Kris and I were together in the second-half of last week, doing some work with our National Alliance for Engagement-Based Education colleagues from the Center for Inspired Teaching. We were talking over lunch on Friday about our own school experience when I asked Kris if there were any particular year of her own schooling that was her favorite. She couldn’t really identify one, and when she asked me the same question, my answer was easy: 7th grade. Middle school is often tumultuous, and truth-be-told, that’s one of the main reasons I wanted to teach in those grades. I deeply believe that every pre- and young teen should have access to a trusted adult who isn’t in their family.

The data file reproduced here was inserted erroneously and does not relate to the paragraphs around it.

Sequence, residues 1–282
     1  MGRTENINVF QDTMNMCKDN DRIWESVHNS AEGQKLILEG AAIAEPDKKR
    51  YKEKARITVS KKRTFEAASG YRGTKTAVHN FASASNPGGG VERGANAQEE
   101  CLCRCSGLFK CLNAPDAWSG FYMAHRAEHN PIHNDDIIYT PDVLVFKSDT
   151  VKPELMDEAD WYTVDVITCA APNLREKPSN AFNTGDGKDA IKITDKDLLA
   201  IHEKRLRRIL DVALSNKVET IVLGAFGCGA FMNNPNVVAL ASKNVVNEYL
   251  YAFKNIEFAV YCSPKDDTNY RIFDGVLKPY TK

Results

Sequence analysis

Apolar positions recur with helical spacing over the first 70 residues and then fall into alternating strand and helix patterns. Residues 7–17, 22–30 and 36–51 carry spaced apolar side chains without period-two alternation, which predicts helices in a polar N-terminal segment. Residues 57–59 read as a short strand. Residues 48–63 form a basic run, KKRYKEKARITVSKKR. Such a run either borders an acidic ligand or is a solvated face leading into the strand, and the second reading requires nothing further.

Seventh grade was a year with some great learning about American history, and here’s the clearest example of what I mean: Mr. Reilly had our grade-level team enact a democratic government. We had senators and a governor in each class, and there was a federal government that spanned the entire team. We thought we had rights, at least until our tyrannical teacher insisted we didn’t. He put notices on our lockers telling us that all the contents were now his, and we had to go to war with him and his army of stuffed animals to defend our liberties (Nerf guns were involved). Mr. Reilly brought history to life in a way that we could understand; he required that we feel empathy, and he held high expectations for us as students and as people. I historically didn’t love social studies; my father took us on so many vacations to reenactments and battlefields that it’s now a joke in my family that I only ever wanted to go to the gift shop (or gift tent, because where else would you find a bonnet at a Civil War encampment?). My family tried to give me opportunities to bring history to life, but they didn’t take. But in Mr. Reilly’s classroom? I was totally engaged. I did my best work when my teachers helped bring their content to life, or more specifically, to my life. And I needed that focus and engagement in middle school. My mom died when I was eleven and in the sixth grade (which is also why, despite excellent teachers, sixth grade could never be a pinnacle year for me). That year, I had extraordinary teachers who showed me compassion, who respected the overwhelmingly mature grieving that I was forced to do, and who, I think, loved me. Mrs. Rosenberger, my English teacher, was a wonderful woman whom I deeply admired. She was genuinely kind, and she pushed me in gentle ways, helping me get back into the work while allowing me the latitude I needed to process the incredibly complex emotions I was navigating. She came to my mom’s funeral, as did all of the teachers on my team (save one, who lost her daughter the same day I lost my mom), and I’m not even sure I can put into words how much it meant to see them there. I think that was actually the first moment in my educational career where I understood that teachers aren’t and shouldn’t only be there for academics, but rather should be people who care about all of their students as humans. Mrs. Wood was my science teacher in 7th grade, and I felt about her much like I felt about Mrs. Rosenberger; her class was interesting and one of my favorite science classes ever (I still have an affinity for the life sciences), but I also trusted her and knew I could go to her. I was privileged to have many teachers through 6th, 7th, and 8th grade who paid careful attention to me. Building these relationships, specifically having my teachers invite my full reality into my school life, saved me. This isn’t to say that I didn’t have many people including family and friends watching out for me, talking to me, and helping me. But all of those folks knew me well before my mom’s death, and I sometimes thought they felt an obligation to my mom to help me bear the weight of her loss. My teachers were doing this because of me, and whether or not they saw something in me that they intentionally wanted to kindle, that’s what they did. They reassured me, they comforted me, and they told me in both explicit and implicit ways that I mattered. I believe that the best thing we can do for anyone else is to allow them to feel seen, heard, and validated. Teachers have an incredible opportunity to do this, and it all starts with getting to know your students. Thank you, to those of you who saw me. Image courtesy of Sara Bailey.